Mencap pay tributes to treasured President, Lord Brian Rix
Published: 29 August 2016
|Sadly the president of Mencap, Lord Brian Rix
has died at the age of 92.
He had a very full and valuable life,
he did a lot of great work for people
with intellectual disabilities in the UK.
He was a famous comic actor and
had a daughter with Down Syndrome.
He used his fame to get people to listen to him
so he could defend the rights of persons with intellectual disabilities
to make sure they have a better quality of life.
We will miss him but
will always remember
everything he did for us.
You can read more about his life here
or share your thoughts and memories
using the hashtag #LordRixMemories
President of Mencap Lord Brian Rix, the best known campaigner in the UK for the rights of people with intellectual disability, died on Saturday 20th August 2016 at the age of 92.
His determination to change how the world views and supports people with intellectual disabilities began after his eldest child, Shelley, was born with Down's Syndrome in December 1951. The callous advice he and his wife were given and the dismissiveness of the care system shocked and angered him, fuelling his campaigning activity for over 60 years.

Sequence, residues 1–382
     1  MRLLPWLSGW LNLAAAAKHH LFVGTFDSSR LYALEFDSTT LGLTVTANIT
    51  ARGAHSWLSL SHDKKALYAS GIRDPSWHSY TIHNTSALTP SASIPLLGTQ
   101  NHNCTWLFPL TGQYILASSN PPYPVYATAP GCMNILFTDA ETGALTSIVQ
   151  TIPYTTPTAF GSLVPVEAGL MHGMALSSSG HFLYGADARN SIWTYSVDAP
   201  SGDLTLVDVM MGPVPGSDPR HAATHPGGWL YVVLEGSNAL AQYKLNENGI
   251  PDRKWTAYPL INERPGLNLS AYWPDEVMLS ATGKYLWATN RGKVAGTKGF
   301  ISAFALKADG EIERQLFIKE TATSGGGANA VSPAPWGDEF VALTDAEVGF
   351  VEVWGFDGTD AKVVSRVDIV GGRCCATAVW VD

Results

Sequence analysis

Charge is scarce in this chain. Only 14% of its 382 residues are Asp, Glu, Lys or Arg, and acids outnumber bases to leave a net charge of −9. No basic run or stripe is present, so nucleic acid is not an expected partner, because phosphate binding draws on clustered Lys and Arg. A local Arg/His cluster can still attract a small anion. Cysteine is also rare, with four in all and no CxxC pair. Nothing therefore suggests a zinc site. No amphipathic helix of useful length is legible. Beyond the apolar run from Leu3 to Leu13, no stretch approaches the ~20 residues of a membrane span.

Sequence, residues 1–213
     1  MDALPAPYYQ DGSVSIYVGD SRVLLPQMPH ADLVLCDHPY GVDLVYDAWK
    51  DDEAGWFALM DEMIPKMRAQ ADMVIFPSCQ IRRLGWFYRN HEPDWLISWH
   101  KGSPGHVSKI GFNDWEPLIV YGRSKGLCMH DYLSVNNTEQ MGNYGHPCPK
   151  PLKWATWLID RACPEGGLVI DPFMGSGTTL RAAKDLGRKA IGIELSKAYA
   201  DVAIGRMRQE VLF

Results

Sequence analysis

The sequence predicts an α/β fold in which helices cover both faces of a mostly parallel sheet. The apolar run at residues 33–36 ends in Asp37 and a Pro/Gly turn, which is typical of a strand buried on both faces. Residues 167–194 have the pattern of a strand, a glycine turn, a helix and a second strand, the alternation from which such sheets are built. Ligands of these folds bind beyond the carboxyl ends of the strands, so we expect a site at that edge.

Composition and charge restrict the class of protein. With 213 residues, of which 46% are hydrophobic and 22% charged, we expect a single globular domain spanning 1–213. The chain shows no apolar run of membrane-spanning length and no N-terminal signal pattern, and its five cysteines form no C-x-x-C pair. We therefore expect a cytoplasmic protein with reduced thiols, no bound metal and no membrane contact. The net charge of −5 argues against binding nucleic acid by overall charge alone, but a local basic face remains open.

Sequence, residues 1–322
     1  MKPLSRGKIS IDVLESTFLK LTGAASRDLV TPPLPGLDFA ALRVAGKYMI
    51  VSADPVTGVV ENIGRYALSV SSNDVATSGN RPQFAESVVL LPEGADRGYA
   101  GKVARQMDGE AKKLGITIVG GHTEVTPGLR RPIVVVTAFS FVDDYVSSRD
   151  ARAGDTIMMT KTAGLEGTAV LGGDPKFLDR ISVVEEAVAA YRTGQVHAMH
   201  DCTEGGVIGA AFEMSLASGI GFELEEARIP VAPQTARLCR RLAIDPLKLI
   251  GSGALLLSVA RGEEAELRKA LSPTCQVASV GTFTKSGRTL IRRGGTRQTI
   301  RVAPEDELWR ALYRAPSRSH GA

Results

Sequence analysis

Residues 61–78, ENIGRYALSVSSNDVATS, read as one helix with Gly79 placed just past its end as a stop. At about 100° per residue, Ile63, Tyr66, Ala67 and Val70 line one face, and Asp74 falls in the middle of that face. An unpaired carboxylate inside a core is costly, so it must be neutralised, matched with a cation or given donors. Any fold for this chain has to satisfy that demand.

Lord Rix, who was well known to the British public as a comic actor, used his fame and talents to get access to high places and raise awareness of the issues that make significant changes in the quality of life of people with intellectual disability and their families.
In 1992, in recognition of his highly successful campaigning work, he was appointed to the House of Lords, the upper chamber on the UK parliament. In that position he promoted and shaped legislation, playing a large role in passing an important law on short breaks for carers amongst contributing to many other important bills. People with intellectual disability celebrated his work on the 2006 Electoral Administration Bill, which strengthened their right to vote and removed the offensive language that had been retained from previous centuries.
Lord Rix was also forward-looking and gave his name to the Rix Centre at the University of East London, a research and development centre that shows how new media technology can provide unexpected ways to give people a voice.
Lord Rix will be remembered with lasting respect and affection by families and people with an intellectual disability throughout the UK.
You can read more about his lifetime achievements here and share your memories and tributes with Mencap using the hashtag #LordRixMemories.